Underworld fantasy from the artist, games designer, and novelist (Krampus, 2012, etc.).
Released from jail for drug dealing, trying to start a new life, Chet Moran goes to meet his pregnant girlfriend, Trish, hoping that her father, Judge Wilson, who’s implacably opposed to their union, isn’t home. Trish agrees to run off with him, but Coach, Chet’s old high school nemesis, tries to stop their hurried departure, and Chet accidentally sideswipes him with the car. The pair heads for Chet’s grandmother, with whom Chet has a psychic connection and whom he believes to be a witch. Malevolent child-ghosts surround Lamia’s isolated house; Lamia explains that Chet’s evil grandfather Gavin killed them and tried to kill her too. Chet, totally fooled, agrees to stay, but Lamia kills him and reveals something of her horrid plans for Trish and their unborn daughter. Now a despairing ghost, Chet encounters Senoy, an angel who lost most of his powers when Gavin stole his divine key. If Chet can recover the key for Senoy, the angel will be able to defeat Lamia, allowing Chet to reclaim Trish and their child. But to find Gavin, Chet must descend to purgatory, where, he will learn, nothing is what it seems and some things are much worse than being dead. Chet’s exciting adventures occur in an inventive hodgepodge of mythical and literary netherworlds that owe little to logic, where the intention seems more to dazzle than illuminate.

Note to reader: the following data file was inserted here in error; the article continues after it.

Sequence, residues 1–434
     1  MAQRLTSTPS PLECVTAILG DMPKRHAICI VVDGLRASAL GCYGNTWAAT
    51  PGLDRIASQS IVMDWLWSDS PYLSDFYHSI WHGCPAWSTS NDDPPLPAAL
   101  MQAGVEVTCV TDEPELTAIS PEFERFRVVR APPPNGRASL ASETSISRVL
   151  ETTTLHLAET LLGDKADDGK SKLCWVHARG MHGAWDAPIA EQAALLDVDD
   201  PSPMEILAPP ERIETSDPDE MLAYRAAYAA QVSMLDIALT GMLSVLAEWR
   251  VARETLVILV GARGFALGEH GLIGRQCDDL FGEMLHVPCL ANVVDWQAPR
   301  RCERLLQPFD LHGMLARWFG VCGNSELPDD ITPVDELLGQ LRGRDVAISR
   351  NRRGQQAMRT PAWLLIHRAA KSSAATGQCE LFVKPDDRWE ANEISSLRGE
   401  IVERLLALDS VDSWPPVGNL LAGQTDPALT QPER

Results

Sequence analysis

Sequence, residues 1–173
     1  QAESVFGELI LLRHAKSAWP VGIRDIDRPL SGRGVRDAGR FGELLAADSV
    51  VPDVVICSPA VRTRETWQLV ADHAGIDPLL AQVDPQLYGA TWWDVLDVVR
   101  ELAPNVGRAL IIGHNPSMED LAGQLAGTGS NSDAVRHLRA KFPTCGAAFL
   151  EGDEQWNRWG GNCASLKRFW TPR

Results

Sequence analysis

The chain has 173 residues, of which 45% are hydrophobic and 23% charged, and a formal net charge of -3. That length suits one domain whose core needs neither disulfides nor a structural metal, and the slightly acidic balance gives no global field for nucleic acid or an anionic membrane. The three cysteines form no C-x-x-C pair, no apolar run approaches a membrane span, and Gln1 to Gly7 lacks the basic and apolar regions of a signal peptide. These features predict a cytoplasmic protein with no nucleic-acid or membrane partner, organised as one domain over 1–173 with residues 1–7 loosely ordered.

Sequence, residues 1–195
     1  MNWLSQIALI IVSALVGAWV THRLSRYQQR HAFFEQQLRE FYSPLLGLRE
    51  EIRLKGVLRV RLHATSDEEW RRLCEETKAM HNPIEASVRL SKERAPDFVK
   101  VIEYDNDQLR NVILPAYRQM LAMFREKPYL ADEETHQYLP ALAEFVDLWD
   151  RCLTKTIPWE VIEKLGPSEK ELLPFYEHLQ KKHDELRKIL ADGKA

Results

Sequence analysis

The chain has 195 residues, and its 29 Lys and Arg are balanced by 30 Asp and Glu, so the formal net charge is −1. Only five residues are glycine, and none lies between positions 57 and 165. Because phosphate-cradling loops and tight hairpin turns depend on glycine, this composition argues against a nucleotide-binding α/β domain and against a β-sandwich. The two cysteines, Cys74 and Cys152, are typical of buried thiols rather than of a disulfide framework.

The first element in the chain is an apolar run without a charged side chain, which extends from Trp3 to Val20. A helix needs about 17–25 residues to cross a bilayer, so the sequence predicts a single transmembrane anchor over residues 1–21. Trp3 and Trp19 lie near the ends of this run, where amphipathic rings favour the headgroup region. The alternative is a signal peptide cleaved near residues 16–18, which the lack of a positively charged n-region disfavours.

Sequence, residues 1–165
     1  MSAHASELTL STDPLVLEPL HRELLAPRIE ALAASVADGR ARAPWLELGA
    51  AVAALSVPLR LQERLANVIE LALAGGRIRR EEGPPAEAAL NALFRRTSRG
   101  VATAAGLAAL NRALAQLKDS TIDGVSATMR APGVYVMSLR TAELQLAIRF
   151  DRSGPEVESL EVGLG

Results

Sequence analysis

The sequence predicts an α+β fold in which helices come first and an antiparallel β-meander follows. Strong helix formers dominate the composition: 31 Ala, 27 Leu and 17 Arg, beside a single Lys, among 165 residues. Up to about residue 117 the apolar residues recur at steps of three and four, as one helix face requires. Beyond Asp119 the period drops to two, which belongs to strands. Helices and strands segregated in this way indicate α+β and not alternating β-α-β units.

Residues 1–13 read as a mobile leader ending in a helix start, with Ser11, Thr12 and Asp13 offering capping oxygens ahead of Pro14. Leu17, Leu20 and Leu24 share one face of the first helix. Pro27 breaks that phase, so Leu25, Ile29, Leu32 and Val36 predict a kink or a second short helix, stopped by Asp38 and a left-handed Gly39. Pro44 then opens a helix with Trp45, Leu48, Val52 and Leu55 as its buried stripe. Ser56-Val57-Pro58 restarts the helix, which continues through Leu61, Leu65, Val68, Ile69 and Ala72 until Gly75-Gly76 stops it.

An oddly schizophrenic yarn—organized above, chaotic below—but fans of Brom’s weirdly offbeat imagination will find much to admire.